The Invent-abling team created a number of gender-neutral kits that enable young inventors to create science and craft-based projects using such materials as color-changing fabric, switches, magnetic viewing film, conductive ink, and electronics. The kits provide opportunities to learn science concepts while children explore creative applications. The group has made an explicit commitment to engaging girls and under-represented young people in the fun, thrill and work of “making.” The kits evolved from the group’s realization that, although there are great kits for creating electronic gadgets and wearable devices for young designers, many are geared more toward boys.
Prototypes awarded honorable mention ($5,000 prize) included 4-D printing software and technology, an earth and space systems kit, a cardboard circuitry kit that requires building and soldering from scratch, data visualization and pattern recognition software for young children, and an expandable home science exploration kit.
Winning a first prize of $5,000 in the ideation category is David M. Gertler (San Francisco, CA), a manufacturing engineer with Google X/Makani Power, for his “Survival Shelter Science Project.” The proposed project would use a narrative theme to engage young people, ages eight and up, to build and experiment with the goal of improving or creating a desert relief shelter. Scientific techniques and engineering solutions would be applied to real-world materials. The project, which could be done by an individual child or group of children, would require the young experimenters to expand on general instructions in order to build, and provide power and water to, a model shelter. Users would be provided with inexpensive instruments – such as thermometers and voltmeters - to enable them to take simple measurements of the mechanical functions of their “shelter.”
Second prize ($2,500) in the ideation category was won by the Tumblehome Learning team, this time led by physician and science education advocate Pendred Noyce, MD (Weston, MA), along with Barnas Monteith and Peter Wong. Dr. Noyce and colleagues developed the concept of SenSay Sustainable Villages©. If developed, the project will allow young people to design and build model solutions to universal problems of human settlement, including shelter, heat and insulation, lighting, solar and wind power, pumping and purifying water, growing plants with irrigation or hydroponics, and managing a pond or aquarium. Users would experiment both virtually and in the real world, where they will use sensors and other components of the SenSay Sensor System to model solutions to challenges.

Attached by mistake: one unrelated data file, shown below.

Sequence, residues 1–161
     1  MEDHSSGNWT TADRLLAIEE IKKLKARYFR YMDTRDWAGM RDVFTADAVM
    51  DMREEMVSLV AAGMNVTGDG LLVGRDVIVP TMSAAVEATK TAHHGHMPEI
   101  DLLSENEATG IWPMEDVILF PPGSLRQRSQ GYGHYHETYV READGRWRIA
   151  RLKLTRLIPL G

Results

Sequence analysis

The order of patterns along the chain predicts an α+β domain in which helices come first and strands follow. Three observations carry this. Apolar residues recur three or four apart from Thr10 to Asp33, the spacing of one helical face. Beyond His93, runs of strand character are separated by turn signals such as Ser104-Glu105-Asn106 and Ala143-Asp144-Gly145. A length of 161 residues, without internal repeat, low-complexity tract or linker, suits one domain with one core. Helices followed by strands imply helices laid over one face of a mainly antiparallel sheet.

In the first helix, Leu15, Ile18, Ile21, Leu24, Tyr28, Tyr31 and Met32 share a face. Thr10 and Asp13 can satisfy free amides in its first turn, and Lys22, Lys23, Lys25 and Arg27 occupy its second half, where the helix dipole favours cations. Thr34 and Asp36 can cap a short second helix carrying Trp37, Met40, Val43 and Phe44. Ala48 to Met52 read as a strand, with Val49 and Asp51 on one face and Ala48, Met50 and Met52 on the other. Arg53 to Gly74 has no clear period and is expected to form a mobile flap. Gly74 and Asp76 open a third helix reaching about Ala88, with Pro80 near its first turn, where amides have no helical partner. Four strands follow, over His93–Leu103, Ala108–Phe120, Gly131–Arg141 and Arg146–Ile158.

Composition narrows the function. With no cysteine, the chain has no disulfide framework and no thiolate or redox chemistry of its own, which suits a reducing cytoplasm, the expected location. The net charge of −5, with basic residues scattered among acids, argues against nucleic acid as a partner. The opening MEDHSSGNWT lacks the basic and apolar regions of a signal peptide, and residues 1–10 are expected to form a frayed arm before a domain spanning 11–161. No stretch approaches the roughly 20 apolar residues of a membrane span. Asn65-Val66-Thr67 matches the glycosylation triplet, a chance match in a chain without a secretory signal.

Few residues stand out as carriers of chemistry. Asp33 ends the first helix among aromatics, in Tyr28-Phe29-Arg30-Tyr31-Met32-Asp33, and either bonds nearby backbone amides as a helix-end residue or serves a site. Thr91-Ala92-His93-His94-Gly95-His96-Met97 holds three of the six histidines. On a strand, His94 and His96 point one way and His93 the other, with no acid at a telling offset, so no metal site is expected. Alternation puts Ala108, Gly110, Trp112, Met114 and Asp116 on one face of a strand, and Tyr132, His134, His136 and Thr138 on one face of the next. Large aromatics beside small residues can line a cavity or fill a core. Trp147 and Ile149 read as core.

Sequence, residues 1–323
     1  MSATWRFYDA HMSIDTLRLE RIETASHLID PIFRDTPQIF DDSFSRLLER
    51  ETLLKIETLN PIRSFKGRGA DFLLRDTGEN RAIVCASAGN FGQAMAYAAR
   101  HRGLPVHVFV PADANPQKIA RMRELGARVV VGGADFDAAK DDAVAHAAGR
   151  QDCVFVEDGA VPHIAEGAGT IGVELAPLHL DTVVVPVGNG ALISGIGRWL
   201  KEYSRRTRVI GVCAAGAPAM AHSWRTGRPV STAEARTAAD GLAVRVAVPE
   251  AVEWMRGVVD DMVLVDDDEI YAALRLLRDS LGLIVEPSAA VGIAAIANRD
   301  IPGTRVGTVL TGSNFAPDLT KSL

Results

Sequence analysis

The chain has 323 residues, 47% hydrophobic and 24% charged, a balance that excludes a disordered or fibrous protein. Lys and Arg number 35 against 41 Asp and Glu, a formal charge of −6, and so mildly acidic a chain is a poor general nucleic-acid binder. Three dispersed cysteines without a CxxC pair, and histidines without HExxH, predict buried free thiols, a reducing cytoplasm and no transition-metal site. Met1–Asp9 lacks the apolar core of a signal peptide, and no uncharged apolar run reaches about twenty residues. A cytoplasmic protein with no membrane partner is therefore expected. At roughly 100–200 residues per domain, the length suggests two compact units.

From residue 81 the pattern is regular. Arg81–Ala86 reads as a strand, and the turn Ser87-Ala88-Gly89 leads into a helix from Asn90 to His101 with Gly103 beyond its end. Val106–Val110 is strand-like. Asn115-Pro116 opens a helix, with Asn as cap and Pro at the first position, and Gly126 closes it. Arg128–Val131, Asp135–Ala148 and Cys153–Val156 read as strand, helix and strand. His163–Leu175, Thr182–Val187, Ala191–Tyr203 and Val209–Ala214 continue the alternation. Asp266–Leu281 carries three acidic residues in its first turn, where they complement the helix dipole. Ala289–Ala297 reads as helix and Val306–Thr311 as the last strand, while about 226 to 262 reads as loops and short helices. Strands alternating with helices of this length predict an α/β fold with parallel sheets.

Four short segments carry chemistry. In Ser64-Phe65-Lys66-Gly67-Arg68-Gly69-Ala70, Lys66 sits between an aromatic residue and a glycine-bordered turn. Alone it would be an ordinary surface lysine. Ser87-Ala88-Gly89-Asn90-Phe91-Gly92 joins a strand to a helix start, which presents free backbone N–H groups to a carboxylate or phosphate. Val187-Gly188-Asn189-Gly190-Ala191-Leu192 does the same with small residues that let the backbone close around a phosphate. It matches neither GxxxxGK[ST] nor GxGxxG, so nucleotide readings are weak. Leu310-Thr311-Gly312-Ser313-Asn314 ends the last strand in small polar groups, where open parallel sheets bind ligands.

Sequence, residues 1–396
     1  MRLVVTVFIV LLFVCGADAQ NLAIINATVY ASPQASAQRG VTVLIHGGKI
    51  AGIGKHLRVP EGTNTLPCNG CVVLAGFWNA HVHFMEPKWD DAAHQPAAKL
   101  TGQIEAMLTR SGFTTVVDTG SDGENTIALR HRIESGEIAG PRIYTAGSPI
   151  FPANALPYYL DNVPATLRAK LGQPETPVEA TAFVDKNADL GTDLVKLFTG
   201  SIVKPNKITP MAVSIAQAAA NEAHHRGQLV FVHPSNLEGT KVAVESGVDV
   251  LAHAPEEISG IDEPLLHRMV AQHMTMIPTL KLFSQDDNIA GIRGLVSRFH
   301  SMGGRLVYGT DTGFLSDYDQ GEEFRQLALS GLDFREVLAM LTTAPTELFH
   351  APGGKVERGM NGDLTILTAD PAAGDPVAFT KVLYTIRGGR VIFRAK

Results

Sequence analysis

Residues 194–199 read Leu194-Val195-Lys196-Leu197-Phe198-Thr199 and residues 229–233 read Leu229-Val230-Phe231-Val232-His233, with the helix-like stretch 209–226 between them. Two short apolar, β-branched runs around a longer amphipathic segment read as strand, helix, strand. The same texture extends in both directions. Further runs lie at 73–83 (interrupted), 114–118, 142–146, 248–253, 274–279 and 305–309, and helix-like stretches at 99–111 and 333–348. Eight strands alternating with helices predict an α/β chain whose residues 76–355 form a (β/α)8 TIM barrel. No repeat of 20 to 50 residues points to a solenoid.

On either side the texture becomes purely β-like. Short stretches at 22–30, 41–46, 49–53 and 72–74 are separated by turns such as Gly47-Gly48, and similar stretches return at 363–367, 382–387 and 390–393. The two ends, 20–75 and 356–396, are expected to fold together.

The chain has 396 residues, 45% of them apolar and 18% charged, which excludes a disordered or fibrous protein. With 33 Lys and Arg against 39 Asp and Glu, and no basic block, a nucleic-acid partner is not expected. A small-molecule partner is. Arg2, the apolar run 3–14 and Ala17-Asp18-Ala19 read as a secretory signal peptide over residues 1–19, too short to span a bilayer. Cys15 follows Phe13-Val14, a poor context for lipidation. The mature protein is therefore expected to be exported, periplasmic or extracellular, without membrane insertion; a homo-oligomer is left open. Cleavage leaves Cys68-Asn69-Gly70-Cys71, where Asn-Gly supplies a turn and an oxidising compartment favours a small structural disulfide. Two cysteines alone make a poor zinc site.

Winning third prize ($1,500) in the ideation category is Douglas Thornton (Columbus, OH), an electrical and computer engineer with Battelle Memorial Institute, for “The Physics Ball – A Microscope for Physics.” As envisioned, the “Microscope” provides students with an engaging, explorative learning tool through the embedding of sensors inside a small ball. These sensors would measure acceleration, angular rate, magnetic field, pressure and temperature. A wireless link would transfer measurements from the ball to a user interface (computer or tablet), which would provide data to the student. The user interface would define experiments, and could be used with free apps and open-source software.